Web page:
Writing 101: What Is Rhetoric? Learn About Rhetorical Devices in Writing and 3 Modes of Persuasion in Rhetoric

Written by MasterClass

Last updated: Oct 22, 2019 • 4 min read

Politicians deliver rallying cries to inspire people to act. Advertisers create catchy slogans to get people to buy products. Lawyers present emotional arguments to sway a jury. These are all examples of rhetoric—language designed to motivate, persuade, or inform.



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What Is Rhetoric?

Rhetoric is the art of persuasion through communication. It is a form of discourse that appeals to people’s emotions and logic in order to motivate or inform. The word “rhetoric” comes from the Greek “rhetorikos,” meaning “oratory.”

Although rhetoric was originally used exclusively in public speaking, both writers and speakers use it today to deliver inspirational and motivational messages.

Where Did Rhetoric Originate?

The study of rhetoric developed alongside democracy in fifth-century Athens.

  • As ancient Greeks began to run for office, they used rhetoric in their speeches to win votes.
  • As the court system grew, so did the need for lawyers, and persuasive speech. In the fourth century B.C., Greek philosopher Aristotle wrote The Art of Rhetoric, in which he defined rhetoric as the “ability to discover the available means of persuasion.”
  • Plato, Aristotle’s mentor, took a more philosophical approach to rhetoric. He was skeptical of his protege’s practical, real-world application of rhetoric, viewing it as a superficial, deceptive method of communication.
  • In the first century B.C., Cicero, a Roman lawyer and philosopher, expanded on the definition of rhetoric, interpreting it as a form of dramatic performance.
  • These early philosophers laid the foundation of rhetorical tradition still used today.
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3 Modes of Persuasion in Rhetoric

In order to shape words into effective rhetoric, Aristotle outlined three “modes of persuasion.” Each appeals to a different part of the human psyche in order to influence.

  1. Logos: This argument appeals to logic and reason. It relies on the content of the message, including data and facts, to support its claims. Harper Lee uses logos in the courtroom scenes in To Kill a Mockingbird. To persuade a jury that the right-handed Tom Robinson is innocent, Atticus Finch shows evidence that proves the culprit had to be left-handed, excluding Robinson as a suspect. Learn more about logos here.
  2. Ethos: This element of rhetoric relies on the reputation of the person delivering the message. The writer or speaker must be a notable person or known authority on the subject matter. In F. Scott Fitzgerald’s The Great Gatsby, the narrator, Nick Carraway, establishes his credibility as an objective insider to gain the reader’s trust. Learn more about ethos here.
  3. Pathos: This mode establishes an emotional connection with the audience. Advertisements often tug on heartstrings to influence people to buy a product or service. Pathos is also used in literature to encourage readers to invest in a story. Learn more about pathos here.


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What Is a Rhetorical Device?

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There are a number of stylistic techniques and literary devices writers use to create a rhetorical effect and convey a point of view. Rhetorical devices are the tools used to manipulate language to construct arguments. Examples include:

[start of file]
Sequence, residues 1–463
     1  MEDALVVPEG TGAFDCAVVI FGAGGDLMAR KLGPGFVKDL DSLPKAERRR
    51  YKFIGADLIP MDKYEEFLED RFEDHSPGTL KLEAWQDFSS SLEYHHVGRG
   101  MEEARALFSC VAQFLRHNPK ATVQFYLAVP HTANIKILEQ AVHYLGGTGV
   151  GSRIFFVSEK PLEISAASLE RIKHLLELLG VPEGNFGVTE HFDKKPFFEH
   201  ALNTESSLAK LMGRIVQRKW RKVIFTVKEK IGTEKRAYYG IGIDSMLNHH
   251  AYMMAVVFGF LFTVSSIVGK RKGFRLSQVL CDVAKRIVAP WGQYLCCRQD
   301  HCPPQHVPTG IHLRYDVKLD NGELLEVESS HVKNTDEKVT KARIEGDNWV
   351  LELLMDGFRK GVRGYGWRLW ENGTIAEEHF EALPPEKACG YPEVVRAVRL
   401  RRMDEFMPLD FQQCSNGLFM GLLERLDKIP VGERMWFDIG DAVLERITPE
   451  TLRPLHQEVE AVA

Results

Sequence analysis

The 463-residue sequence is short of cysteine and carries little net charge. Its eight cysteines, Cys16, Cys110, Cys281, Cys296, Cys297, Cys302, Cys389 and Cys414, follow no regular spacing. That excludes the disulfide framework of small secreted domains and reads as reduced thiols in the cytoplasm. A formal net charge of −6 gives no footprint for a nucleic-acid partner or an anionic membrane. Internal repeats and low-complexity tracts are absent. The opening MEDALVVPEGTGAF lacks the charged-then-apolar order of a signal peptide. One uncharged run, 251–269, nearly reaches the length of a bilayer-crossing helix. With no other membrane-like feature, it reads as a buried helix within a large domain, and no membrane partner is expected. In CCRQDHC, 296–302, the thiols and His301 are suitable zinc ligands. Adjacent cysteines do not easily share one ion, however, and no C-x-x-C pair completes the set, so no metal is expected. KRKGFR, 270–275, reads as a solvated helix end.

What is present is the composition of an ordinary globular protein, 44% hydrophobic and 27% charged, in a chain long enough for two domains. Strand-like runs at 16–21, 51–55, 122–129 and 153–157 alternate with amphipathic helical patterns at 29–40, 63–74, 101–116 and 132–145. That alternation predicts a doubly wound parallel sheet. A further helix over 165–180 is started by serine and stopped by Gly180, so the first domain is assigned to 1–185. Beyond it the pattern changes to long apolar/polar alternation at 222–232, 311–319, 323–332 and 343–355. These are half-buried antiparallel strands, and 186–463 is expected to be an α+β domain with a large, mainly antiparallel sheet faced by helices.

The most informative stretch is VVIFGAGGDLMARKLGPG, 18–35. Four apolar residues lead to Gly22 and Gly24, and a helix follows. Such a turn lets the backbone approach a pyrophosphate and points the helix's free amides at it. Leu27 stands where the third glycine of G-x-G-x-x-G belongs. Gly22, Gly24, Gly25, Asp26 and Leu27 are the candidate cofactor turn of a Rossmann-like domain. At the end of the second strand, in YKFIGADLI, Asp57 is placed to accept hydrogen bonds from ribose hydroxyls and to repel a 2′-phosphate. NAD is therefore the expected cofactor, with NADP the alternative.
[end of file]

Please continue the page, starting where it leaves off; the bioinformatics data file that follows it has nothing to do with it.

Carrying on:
• Rhetorical questions. This emphasizes a point by posing a question without expectation of an answer. For example, “Do birds fly?” is a rhetorical question that means: “Isn’t it obvious?”
  • Hyperbole. This exaggerates claims to prove a point and make an impression on an audience. Former U.S. President Franklin Delano Roosevelt used hyperbole when he declared, “The only thing we have to fear is fear itself.”
  • Chiasmus. This is a figure of speech that rearranges the normal order of words. A good example is former U.S. President John F. Kennedy’s famous line, “Ask not what your country can do for you, ask what you can do for your country.” Learn more about chiasmus here.
  • Eutrepismus. This commands authority and clarity by presenting an argument through a numbered list of facts or points.

3 Examples of Rhetoric in Literature and Speeches

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A rhetorical situation is a scenario in which someone presents a persuasive argument, taking into consideration the purpose of the message, the medium (print or spoken words,) and the audience. Popular examples include:

  1. Martin Luther King, Jr.’s “I Have a Dream.” On August 28, 1963, Martin Luther King, Jr., gave an impassioned speech on the steps of the Lincoln Memorial in Washington, D.C. He implored people to end racial discrimination using figurative language and the rhetorical device anaphora, which emphasizes a point through repetition.
  2. Abraham Lincoln, “The Gettysburg Address.” In 1863, Abraham Lincoln, the sixteenth president of the United States, delivered the Gettysburg Address during the Civil War. Lincoln’s goal was to boost the country’s morale, honor fallen soldiers, and reinvigorate their mission to abolish slavery by declaring “that all men are created equal.” Incorporating ethos, logo, and pathos to make his case, the Gettysburg Address became one of the most powerful speeches in history.
  3. William Shakespeare, Richard III. Military commanders often use rhetoric to motivate troops. In Shakespeare’s Richard III, the king gives his soldiers a speech on the eve of battle in which he calls his enemies “vagabonds” and their leader, Henry Tudor, a “bloody tyrant.” In this speech, Richard uses rhetorical devices like hyperbole to excite his men for war.

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